2.7 Programming with lists

There are several methods available to construct a list:

     u := nil;  
     u :=1 . u;  
     u :=2 . u;

Starting with an empty list, elements are pushed on its front one after the other, here giving (2 1). Please note the blank between the number and the dot: this is necessary as otherwise the dot would have been parsed as part of the number representing a floating point value.

     u := {9,10};  
     u := 1 .u;  
     u := 2 .u;

The same, here not starting with the empty list giving (2 1 9 10). The for statement has special forms to handle lists:

Examples: let e.g. l be a list of numbers (1 - 2 3 - 4 5 - 6):

     m:=for each x in l sum x;

m will be the sum of the elements,

     s:=for each x in l collect x*x;

s is computed as list with the numbers from x squared,

     p:=for each x in l join  
         if x>0 then {x} else nil;

in this loop the positive numbers produce one element lists, while the negative numbers are mapped to nil; joined together the result is a list with only the positive elements,

     r:=for i:=1:10 collect -r;

here the result is the list with numbers (-1 - 2 - 3⋅⋅⋅- 10). The lists produced by collect and join are in “correct” order. Warning: In symbolic mode join links the lists in place for maximum speed 5: The last CDR pointer of the first list is modified to point to the head of the second list , and so on. This is no problem if the joined objects are freshly built structures, or if there are no other references to them. If the in – place operation is dangerous for your application, you must copy the structure before, e.g. by a call to append with NIL as second argument:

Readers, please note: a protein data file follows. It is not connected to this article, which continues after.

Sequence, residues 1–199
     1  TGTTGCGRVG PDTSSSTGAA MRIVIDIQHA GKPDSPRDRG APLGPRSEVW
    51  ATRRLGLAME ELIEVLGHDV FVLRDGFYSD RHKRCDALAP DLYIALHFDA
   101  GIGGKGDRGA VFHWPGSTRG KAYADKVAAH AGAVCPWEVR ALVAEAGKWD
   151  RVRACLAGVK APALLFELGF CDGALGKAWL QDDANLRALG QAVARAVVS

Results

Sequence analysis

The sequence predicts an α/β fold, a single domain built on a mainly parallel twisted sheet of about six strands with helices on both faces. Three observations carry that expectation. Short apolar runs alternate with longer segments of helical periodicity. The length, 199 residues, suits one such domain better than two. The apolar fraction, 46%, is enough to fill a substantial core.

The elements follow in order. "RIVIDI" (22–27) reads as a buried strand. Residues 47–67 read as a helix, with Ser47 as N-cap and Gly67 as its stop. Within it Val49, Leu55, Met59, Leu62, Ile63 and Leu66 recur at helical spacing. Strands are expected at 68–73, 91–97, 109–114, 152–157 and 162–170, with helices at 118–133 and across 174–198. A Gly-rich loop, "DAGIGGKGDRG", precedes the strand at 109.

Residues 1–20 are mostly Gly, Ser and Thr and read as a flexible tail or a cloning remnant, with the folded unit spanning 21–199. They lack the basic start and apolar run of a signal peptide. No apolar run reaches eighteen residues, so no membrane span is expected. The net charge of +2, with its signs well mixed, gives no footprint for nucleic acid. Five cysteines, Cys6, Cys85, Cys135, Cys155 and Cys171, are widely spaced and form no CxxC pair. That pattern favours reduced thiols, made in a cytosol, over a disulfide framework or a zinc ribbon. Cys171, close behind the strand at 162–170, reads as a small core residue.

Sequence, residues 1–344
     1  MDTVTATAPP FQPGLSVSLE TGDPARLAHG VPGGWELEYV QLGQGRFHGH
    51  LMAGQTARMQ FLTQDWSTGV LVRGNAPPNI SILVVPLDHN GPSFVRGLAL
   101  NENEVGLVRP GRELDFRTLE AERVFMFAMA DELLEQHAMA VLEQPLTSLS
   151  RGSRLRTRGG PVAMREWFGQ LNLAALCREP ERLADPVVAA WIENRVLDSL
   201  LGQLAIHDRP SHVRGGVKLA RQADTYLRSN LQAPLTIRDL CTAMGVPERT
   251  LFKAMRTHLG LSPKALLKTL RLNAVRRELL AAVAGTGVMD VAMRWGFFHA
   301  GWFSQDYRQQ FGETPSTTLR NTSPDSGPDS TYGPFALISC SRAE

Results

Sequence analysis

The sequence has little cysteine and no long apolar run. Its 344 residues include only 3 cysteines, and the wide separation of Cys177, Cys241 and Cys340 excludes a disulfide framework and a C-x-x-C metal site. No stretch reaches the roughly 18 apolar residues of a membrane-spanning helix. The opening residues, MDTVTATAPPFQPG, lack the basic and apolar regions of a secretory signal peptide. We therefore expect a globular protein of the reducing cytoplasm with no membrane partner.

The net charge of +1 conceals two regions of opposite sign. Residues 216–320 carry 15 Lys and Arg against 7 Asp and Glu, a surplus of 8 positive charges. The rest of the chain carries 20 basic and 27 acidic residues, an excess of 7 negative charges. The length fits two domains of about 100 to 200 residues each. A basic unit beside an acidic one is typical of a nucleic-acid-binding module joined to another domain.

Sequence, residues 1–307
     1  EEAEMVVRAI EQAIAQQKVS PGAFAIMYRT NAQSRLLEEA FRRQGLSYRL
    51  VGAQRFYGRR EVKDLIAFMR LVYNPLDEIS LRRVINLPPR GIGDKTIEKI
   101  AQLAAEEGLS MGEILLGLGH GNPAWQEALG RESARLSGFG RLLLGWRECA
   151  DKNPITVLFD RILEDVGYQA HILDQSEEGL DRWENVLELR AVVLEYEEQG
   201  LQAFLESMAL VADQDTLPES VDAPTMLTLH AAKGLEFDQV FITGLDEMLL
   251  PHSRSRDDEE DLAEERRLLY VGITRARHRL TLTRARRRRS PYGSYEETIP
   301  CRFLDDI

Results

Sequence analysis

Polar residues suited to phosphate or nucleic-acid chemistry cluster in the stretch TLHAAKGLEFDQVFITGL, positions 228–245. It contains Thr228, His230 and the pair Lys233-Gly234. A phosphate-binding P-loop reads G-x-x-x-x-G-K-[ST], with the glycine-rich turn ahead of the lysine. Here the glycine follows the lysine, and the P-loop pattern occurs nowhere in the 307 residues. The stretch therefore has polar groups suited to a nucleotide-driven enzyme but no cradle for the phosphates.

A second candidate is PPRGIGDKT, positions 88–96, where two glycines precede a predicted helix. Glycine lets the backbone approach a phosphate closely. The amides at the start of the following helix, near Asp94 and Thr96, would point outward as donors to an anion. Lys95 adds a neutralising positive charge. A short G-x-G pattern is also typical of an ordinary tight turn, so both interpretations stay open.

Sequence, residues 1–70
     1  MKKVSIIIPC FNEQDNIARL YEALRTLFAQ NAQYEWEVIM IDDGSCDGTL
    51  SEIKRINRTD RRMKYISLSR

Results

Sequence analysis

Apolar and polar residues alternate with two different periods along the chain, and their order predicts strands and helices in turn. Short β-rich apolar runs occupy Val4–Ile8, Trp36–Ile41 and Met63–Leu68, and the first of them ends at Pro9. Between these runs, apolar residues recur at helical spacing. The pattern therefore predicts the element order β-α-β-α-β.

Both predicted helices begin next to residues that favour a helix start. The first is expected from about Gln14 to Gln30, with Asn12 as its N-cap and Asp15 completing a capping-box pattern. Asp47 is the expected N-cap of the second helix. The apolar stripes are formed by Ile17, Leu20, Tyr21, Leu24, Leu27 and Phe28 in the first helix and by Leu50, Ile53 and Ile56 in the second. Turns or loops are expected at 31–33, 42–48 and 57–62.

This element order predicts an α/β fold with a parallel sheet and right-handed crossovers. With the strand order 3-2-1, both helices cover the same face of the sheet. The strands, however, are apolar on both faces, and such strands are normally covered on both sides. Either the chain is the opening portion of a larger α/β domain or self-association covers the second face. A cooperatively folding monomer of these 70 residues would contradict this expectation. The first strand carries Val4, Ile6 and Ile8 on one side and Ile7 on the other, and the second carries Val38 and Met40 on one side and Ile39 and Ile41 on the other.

r:=for i:=1:10 join append(my_extract(u,r),nil);

In this example, the top level chain of the results of my_extract is copied such that the original structure is not modified when joining.

Another very common style for list operations is to use iterative or recursive programs. The following programs each sum the elements of the list:

   symbolic procedure sum_1(l);  
    begin  integer n;  
      while l do <<n:=n+car l; l:=cdr l>>;  
      return n;  

This program picks in each step of the the while loop one element from the list and sets the variable l to the successor position; the loop terminates as soon as the successor nil is found .

   symbolic procedure sum_2(l);  
     if null l then 0 else car l + sum_2(cdr l);

This program uses recursion for the same task. The program will go down the list until nil is found, then set the sum to 0 and when coming back from the recursion add the elements to the sum so far.

   symbolic procedure sum_3(l); sum_31(l,0); % initializing  
   symbolic procedure sum_31(l,n);  
     if null l then n else sum_31(cdr l,car l+n);

The third example is a bit tricky: it initializes the sum to 0, and when stepping down in the recursion the sum is updated and passed to the next recursion level as a parameter.

It is also very common to produce lists in recursive style, e.g. inverting the signs in a list of numbers could be written as

    symbolic procedure invertsgn(l);  
       if null l then nil else -car l . invertsgn(cdr l);

and with most LISP compilers this program would as efficient as the corresponding loop

    for each x in l collect -x;

but produce less code. Note that as with for each - collect, the elements in the resulting list will be in the original order. The recursive programming style is typical for LISP and it is used for hundreds of REDUCE routines.